The key issue that Martin brought up was that even though the current rent for the Visitor Center is only $1,800, there is no long-term lease making it impossible to accurately estimate the rent over 40 years. For comparison purposes he used an annual 3% inflation rate. That calculated the rent expense for 40 years approximately $1.7 million or an annual average of $42,500 per year vs. the $48,696 annual mortgage payment, just a little over $500/month average over 40 years.Supervisor Marie Durrer (Midway) expressed concern that the building being considered for the Visitor Center is one of only three original buildings left in Ruckersville. But she also expressed concern that in the future a real Visitor Center may not be needed and is not convinced that bigger is better and for those reasons could not support the purchase.

Supervisor David Cox (Monroe) expressed concern that no other alternative buildings were considered. He believes that visitors preplan their activities on their PCs and I-phones and, while he understands the TOT tax revenue, he is not sure how much of it is due to a Visitor Center and therefore he cannot support the purchase.

Vice-Chairperson Michelle Flynn (Ruckersville) pointed out that no one from the public said we should not have a Visitor Center. She also stated that there were several misconceptions from citizens that she was able to clarify. Flynn does not believe in paying rent and supports the purchase of the new Visitor Center.

Supervisor Dale Herring (At-Large) also corrected some misconceptions including that TOT tax funds cannot be used for the Broadband Project. The fact that all whose livelihood depend on tourism support the purchase of the new location was key for him. Tourism in Greene County has a low impact on the county – people come, spend their money and leave the county. Furthermore, the purchase would still use less than a third of TOT tax revenue and he is supporting this purchase.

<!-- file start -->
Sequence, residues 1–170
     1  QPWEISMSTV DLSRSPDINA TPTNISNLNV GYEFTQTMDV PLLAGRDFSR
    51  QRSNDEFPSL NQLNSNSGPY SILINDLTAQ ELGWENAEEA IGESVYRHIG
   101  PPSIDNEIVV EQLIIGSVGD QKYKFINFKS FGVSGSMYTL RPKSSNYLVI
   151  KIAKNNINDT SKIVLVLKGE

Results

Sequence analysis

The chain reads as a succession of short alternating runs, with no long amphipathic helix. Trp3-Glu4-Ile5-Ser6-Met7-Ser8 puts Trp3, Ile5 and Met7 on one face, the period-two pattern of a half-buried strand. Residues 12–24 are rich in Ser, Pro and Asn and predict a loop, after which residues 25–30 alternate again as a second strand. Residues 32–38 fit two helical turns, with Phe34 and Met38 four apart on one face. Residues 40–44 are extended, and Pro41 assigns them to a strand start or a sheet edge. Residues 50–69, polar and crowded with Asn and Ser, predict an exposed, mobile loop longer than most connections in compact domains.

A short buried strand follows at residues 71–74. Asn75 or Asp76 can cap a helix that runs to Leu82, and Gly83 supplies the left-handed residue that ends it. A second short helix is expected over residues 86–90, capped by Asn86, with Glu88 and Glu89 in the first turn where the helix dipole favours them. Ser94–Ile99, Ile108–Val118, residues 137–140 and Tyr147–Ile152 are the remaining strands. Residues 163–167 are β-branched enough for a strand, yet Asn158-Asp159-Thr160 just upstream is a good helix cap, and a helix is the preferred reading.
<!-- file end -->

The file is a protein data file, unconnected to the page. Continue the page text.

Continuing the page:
The Supervisors voted 3-2 to approve the purchase with Cox and Durrer voting against the purchase.


The citizens opposing the purchase brought up the purchase price ($1,040,000) and the total loan payment of nearly $2 million ($1,947,889). The current assessed value of the property is approximately $1,200,000 so, if we accept the assessed value as an accurate valuation, once the deal is completed the county will have equity of $160,000.

After 5 years of payments, the principal would be $974,000 and after 10 years the principal would be down to $896,000. So, if TOT tax revenue dries up, the fall back position would be to sell the property to get out from under the mortgage.

Opponents were correct in their criticism that this parcel will no longer pay property taxes.  This loss of tax revenue is not included in the calculations below.